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About a month ago, a friend invited me to pray with a group on a Sunday morning.
As we waited for our Ubers together after a party, we got to talking. He mentioned that some of his friends come together to say prayers on Sunday at his dad’s place. I told him to send me the details and that I’d try to make it. Conveniently enough, the apartment was only a fifteen-minute walk from my place.
Sunday morning rolled around, and one of my good friends was over. We’d had a sleepover and assumed that come morning we would split ways, but as I was getting ready it occurred to me that she might enjoy joining me to say prayers with a small group of people. I texted the friend who’d invited me, and he graciously said she was welcome.
Since we didn’t all know each other, we introduced ourselves before jumping into singing and praying. The prayers were beautiful: a combination of scriptures from many faiths, chanting, poetry, singing and drums, with meditative pauses in between. We finished after about an hour and a half, and then spent some time cracking jokes and getting to know each other. The tone for my day was set: it was a reflective, prayerful, grounded, and clear day.
Before I left, the host gave me her phone number. She was interested in keeping in touch and opening her space more regularly for worship and song. Three of us started a group chat, and about a month later, we held another devotional.
I asked my friend if she’d share some of her thoughts on our devotional and she shared these sweet thoughts:
“As of late, I’ve been craving some spiritual connection. I’ve attempted meditation, prayer, reading my horoscope, going to church—literally anything to satiate my need for divine intervention. When my Baha’i friend invited me to a devotional, I didn’t know what to expect. I had a lot of questions—“would I be accepted? What do I say? How do I pray?” When I entered the living room of our host, I felt the sort of reverence for the divine that I had only felt in churches and temples. But this was someone’s home. And there were no spiritual leaders—just friends gathered to share a word.
“It was more than beautiful, and it brought me to tears. People shared spiritual words about love and justice. Others shared songs. I don’t remember exactly what I shared, but I remember it being something about reverence for the divine. It had been a while since I had experienced such peace in my spirit. I’m grateful for having been invited into the space by my friend and by the other Baha’is, and I look forward to many more devotionals.”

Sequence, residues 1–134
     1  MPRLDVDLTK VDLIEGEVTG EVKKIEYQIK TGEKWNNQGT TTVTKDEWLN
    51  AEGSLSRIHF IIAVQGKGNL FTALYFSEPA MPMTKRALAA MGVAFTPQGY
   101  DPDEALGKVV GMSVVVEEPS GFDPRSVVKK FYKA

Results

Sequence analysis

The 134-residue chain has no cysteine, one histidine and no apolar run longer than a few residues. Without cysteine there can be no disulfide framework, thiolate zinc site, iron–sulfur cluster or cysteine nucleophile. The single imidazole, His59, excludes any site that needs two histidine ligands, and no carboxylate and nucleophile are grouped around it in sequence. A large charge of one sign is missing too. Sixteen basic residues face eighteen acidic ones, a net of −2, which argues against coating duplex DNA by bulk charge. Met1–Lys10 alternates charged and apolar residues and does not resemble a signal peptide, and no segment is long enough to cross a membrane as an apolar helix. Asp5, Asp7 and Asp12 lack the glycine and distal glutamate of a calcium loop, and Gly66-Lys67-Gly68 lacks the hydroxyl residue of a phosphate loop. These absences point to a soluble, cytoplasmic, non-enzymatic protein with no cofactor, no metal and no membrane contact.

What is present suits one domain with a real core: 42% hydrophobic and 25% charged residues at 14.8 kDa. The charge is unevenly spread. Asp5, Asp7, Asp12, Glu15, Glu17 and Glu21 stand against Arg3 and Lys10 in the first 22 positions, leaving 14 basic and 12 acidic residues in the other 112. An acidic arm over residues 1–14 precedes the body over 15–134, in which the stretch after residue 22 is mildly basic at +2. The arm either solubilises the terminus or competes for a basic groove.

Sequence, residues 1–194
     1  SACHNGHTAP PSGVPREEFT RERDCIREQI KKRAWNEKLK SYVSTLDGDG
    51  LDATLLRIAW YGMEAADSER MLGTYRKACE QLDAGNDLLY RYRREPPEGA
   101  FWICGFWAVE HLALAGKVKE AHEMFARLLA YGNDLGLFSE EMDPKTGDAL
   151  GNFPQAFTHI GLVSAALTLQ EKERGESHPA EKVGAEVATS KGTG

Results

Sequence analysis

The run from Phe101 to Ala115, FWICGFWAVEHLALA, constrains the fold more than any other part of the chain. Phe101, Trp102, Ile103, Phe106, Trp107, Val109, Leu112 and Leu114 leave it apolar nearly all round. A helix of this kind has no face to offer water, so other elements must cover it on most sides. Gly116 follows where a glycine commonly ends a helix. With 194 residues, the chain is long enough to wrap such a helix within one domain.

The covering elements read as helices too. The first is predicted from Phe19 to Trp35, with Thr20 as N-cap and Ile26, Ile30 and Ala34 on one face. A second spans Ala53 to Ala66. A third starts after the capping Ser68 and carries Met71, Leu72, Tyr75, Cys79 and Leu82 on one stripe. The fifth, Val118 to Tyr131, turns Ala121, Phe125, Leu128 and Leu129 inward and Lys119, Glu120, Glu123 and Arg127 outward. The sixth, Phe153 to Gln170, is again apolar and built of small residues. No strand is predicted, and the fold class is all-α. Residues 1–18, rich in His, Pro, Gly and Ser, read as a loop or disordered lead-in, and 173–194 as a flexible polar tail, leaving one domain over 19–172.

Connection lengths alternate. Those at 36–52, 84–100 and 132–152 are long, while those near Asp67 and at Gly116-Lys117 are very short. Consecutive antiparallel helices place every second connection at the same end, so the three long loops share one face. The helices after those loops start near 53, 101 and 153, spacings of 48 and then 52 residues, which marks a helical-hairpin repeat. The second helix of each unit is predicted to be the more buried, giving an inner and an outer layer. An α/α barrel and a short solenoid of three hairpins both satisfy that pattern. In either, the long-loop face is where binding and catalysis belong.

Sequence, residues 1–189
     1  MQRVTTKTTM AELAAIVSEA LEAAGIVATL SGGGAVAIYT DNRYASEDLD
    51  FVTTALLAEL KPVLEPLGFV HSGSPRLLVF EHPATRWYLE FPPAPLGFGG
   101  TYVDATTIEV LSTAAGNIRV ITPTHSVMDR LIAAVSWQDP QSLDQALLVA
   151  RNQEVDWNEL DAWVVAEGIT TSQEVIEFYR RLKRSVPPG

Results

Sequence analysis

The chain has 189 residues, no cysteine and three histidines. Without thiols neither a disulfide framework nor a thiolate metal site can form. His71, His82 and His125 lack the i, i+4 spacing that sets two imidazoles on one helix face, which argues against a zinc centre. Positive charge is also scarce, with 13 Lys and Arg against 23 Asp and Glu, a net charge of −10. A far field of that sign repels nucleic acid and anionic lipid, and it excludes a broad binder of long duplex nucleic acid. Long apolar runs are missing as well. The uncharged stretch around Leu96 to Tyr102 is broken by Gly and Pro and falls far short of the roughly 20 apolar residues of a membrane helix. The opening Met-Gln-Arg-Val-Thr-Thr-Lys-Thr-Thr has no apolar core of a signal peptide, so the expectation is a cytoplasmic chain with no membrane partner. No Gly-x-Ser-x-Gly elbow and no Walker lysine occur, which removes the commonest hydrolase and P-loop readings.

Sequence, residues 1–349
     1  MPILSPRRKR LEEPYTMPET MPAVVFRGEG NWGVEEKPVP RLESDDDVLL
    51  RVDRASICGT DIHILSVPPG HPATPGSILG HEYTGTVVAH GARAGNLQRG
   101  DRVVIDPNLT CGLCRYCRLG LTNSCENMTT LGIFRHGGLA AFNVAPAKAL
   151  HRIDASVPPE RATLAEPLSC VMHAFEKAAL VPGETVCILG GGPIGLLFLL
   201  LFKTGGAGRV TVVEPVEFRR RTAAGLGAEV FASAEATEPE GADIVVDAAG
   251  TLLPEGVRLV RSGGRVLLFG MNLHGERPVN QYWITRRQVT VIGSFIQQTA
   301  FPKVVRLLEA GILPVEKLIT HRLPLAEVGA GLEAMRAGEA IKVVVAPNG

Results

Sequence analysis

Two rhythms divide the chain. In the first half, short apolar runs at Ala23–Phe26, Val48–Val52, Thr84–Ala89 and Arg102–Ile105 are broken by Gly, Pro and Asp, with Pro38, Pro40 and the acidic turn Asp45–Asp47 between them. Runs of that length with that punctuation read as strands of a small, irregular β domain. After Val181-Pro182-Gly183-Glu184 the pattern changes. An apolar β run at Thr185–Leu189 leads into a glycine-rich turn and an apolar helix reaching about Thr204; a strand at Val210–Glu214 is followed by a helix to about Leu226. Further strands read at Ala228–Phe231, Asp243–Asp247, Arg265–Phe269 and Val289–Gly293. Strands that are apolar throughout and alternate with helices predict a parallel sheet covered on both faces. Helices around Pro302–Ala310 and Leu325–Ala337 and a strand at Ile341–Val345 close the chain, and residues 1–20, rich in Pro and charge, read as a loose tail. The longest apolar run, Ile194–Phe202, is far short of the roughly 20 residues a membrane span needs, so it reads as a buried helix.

Know thou that supplication and prayer is the water of life. It is the cause of the vivification of existence and brings glad tidings and joy to the soul. – Abdu’l-Baha, Star of the West, Vol. 5, p. 302.
As I reflected on this process, I realized that sometimes we assume that worshiping God communally requires the presence of an authority figure. Many of us grew up viewing communal worship as something that happens exclusively in a church, mosque, or temple—but our ability to come together to pray and honor a higher power is right at our fingertips. Those of us who have easy access to technology can search for scriptures, prayers, or writings online, and those who don’t can bring books or say words from the heart. The capacity to come together and pray is within each one of us. When talking to God, there are no hard and fast rules.
These kinds of things don’t have to take so much time and thought. This devotional, which will now happen on a monthly basis, came about simply because one of my friends wanted to pray with their family and friends in one space. Through a short conversation, we decided that this felt good and that we should do it again, and so we did. We put together a short selection of prayers, gathered in a home, and served the super light refreshments that we had. The outcome? Our souls were nourished.
The state of prayer is the best of conditions, for man is then associating with God. – Abdu’l-Baha, Selections from the Writings of Abdu’l-Baha, p. 202.
Many Baha’is hold devotionals like the one we have in our Bushwick community, and invite folks of all different faith backgrounds. You don’t have to be Baha’i to create a space to pray: if you aren’t Baha’i, you can reach out to the Baha’i community in your area to find devotionals like the one we have, or you can simply collect a group of friends and invite them to pray with you. We are all worthy of spiritual healing and sustenance.